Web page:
Egypt and Turkey see gov’t and fans battle in court and on pitch

Egypt and Turkey see gov’t and fans battle in court and on pitch

James M. Dorsey
Egypt and Turkey see gov’t and fans battle in court and on pitch

Cheering fans of Başiktaş, a leading Turkish football team, gather outside an Istanbul courthouse where dozens of football fans were tried on attempted coup charges because they took part in mass protests last year. AP Photo /Emrah Gürel

Egyptian and Turkish football pitches are set to re-emerge as battlegrounds between ultras and authoritarian leaders in a life-and-death struggle that involves legal proceedings to brand the supporters as terrorists and efforts to undermine their widespread popular base.

Egyptian fans, barely a week after storming a Cairo stadium in advance of an African championship final, have vowed to break open Egyptian premier league games that have been closed to the public for much of the past four years. Fans played a key role in mass anti-government protests that toppled President Hosni Mubarak in 2011.

Similarly, a nationwide boycott of a government electronic ticketing system in Turkey viewed by fans who were prominent in last year’s Gezi Park protests against the country’s leader, Recep Tayyip Erdoğan, as a way of identifying them and barring them from stadia has so far all but defeated the effort.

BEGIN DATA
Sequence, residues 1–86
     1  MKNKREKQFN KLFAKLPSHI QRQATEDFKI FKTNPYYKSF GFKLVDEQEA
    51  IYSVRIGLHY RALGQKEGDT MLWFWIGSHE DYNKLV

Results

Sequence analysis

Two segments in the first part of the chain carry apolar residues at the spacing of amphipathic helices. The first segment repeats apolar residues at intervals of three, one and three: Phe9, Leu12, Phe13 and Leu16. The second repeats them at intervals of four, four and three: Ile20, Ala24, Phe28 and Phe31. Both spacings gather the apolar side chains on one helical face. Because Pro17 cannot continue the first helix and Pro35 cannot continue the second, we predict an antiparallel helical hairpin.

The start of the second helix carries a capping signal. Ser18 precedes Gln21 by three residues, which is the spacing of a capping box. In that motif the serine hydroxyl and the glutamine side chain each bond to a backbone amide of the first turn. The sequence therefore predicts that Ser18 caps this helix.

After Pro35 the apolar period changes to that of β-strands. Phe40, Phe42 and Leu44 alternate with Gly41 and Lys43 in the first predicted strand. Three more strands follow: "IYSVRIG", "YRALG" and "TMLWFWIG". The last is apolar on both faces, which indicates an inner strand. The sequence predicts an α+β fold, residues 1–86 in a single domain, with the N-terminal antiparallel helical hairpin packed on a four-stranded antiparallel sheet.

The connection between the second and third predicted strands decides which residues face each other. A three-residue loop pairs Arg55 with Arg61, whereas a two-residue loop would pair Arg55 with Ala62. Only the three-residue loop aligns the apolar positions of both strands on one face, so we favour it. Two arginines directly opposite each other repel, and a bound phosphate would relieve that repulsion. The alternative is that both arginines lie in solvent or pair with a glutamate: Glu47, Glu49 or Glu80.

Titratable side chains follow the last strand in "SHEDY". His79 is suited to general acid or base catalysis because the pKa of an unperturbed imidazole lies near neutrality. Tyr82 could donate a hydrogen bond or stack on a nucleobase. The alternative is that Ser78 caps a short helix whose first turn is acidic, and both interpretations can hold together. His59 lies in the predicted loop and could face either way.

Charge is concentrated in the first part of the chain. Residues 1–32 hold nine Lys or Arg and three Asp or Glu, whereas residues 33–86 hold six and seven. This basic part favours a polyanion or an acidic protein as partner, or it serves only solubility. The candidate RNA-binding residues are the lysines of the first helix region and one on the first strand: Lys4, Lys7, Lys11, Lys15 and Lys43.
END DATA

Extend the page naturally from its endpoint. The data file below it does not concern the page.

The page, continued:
Probes heat up struggles in Egypt, Turkey

The struggles in Egypt and Turkey are heating up with criminal legal proceedings against militant fans or ultras in Cairo and Istanbul. In Istanbul, a trial has begun against 35 members of çArşı, the nationally popular support group of storied club Beşiktaş JK, accused of belonging to an armed terrorist organization and seeking to overthrow the government. The proceedings were postponed until April after a first day of hearings.

In Cairo, courts are hearing a series of cases initiated by the head of the Egyptian capital’s al-Zamalek SC, Mortada Mansour, a controversial fixture from the Mubarak era and close associate of General-turned-President Abdel Fattah el-Sisi, charging that the club’s militant support group, Ultras White Knights (UWK), are terrorists who sought to assassinate him. Denying the allegations that led to the arrest of scores of UWK members, the group has dubbed Mansour “the regime’s dog.” UWK leaders have gone into hiding to evade security forces. The charging of the Turkish fans follows several ongoing court proceedings against other protesters in which prosecutors were also seeking harsh sentences.

The cases were being prosecuted by a judiciary that, like the police force in the past year, has largely been cleansed of alleged supporters of Fethullah Gülen, a frail, self-exiled 73-year-old preacher that was the head of one of the world’s largest Islamist movements and one-time Erdoğan ally before being accused of seeking to create a parallel state in Turkey.